# Ben Murphy : Random Matrices, Spectral Measures, and Transport in Composite Media

We consider composite media with a broad range of scales, whose effective properties are important in materials science, biophysics, and climate modeling. Examples include random resistor networks, polycrystalline media, porous bone, the brine microstructure of sea ice, ocean eddies, melt ponds on the surface of Arctic sea ice, and the polar ice packs themselves. The analytic continuation method provides Stieltjes integral representations for the bulk transport coefficients of such systems, involving spectral measures of self-adjoint random operators which depend only on the composite geometry. On finite bond lattices or discretizations of continuum systems, these random operators are represented by random matrices and the spectral measures are given explicitly in terms of their eigenvalues and eigenvectors. In this lecture we will discuss various implications and applications of these integral representations. We will also discuss computations of the spectral measures of the operators, as well as statistical measures of their eigenvalues. For example, the effective behavior of composite materials often exhibits large changes associated with transitions in the connectedness or percolation properties of a particular phase. We demonstrate that an onset of connectedness gives rise to striking transitional behavior in the short and long range correlations in the eigenvalues of the associated random matrix. This, in turn, gives rise to transitional behavior in the spectral measures, leading to observed critical behavior in the effective transport properties of the media.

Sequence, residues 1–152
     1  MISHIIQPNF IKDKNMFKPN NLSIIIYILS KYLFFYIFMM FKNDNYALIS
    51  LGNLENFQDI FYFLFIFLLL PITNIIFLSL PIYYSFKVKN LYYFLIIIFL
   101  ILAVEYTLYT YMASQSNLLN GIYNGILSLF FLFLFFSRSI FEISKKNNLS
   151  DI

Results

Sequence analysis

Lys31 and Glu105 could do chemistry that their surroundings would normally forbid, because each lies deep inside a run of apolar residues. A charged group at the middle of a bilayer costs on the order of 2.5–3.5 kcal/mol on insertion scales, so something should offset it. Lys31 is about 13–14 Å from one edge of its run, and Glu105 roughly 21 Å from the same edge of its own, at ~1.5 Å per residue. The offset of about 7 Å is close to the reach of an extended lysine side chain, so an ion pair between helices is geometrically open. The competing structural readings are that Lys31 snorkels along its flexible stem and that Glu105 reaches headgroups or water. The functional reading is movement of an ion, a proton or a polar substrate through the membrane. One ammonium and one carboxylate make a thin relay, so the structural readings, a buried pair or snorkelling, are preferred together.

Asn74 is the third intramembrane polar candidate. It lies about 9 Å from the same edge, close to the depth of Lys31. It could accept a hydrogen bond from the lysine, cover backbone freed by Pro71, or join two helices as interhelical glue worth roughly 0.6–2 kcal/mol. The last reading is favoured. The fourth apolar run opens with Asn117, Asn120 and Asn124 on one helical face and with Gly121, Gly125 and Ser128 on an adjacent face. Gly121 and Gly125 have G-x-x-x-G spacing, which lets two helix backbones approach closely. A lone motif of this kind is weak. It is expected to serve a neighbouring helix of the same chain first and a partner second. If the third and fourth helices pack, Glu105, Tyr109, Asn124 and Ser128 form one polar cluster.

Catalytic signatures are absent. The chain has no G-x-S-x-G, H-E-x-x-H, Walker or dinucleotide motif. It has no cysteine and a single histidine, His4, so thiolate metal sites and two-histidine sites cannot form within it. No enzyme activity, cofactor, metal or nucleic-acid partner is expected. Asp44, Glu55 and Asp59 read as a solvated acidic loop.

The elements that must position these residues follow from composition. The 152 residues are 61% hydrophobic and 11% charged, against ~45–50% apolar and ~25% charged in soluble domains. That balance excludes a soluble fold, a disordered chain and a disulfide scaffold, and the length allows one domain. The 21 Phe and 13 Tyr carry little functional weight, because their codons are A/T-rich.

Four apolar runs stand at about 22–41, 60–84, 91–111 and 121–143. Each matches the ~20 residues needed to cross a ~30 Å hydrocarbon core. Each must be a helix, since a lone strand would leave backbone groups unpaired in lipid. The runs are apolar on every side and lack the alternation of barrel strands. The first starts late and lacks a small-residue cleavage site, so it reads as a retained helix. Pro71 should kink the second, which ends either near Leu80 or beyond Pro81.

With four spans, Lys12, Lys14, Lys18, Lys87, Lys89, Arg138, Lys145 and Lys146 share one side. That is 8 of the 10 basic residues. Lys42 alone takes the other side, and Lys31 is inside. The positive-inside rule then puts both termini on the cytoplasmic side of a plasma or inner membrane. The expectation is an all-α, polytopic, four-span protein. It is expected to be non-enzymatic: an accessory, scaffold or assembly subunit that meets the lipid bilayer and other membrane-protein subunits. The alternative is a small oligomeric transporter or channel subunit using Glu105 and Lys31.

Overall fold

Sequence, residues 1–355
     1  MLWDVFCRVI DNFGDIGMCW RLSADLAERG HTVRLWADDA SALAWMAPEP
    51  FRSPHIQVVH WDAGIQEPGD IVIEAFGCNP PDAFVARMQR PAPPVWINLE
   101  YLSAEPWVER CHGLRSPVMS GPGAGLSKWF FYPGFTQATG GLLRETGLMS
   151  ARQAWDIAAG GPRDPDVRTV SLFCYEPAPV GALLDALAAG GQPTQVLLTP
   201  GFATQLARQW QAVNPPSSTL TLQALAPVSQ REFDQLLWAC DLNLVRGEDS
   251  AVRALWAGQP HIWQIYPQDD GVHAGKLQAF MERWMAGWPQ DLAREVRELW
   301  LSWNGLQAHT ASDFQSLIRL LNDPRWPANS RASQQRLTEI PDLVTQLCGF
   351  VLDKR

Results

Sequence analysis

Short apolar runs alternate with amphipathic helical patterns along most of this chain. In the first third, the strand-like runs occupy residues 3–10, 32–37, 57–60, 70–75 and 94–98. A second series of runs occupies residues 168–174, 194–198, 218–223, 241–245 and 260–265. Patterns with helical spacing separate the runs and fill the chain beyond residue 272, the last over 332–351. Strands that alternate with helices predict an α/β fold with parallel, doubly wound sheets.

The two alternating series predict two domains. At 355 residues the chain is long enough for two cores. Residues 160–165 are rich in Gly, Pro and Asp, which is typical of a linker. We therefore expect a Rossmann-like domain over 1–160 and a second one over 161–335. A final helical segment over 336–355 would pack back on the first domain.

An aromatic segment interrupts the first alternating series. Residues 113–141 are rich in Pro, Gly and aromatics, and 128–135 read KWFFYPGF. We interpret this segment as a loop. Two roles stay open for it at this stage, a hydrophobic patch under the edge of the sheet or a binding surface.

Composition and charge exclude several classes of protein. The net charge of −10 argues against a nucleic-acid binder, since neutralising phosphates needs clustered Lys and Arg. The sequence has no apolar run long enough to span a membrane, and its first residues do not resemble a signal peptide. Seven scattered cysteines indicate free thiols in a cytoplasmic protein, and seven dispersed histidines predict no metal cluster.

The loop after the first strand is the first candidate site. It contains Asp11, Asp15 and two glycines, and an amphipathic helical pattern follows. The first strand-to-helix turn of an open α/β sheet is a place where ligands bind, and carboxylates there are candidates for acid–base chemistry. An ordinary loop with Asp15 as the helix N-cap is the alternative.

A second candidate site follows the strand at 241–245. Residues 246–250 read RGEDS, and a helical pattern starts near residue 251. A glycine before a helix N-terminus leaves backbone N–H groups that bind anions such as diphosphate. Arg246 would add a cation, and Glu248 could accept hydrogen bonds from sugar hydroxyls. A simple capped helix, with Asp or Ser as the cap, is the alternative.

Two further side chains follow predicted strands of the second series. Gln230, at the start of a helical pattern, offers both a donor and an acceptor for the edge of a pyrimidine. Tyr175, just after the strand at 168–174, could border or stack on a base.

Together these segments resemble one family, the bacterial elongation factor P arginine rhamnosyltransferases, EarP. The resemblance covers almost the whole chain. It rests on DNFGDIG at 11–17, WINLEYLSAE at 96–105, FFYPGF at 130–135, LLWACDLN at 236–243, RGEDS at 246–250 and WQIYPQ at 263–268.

**Category**: Applied Math and Analysis**Duration**: 01:14:48**Date**: February 16, 2015 at 11:55 AM**Views**: 120-
**Tags:**seminar, Applied Math And Analysis Seminar

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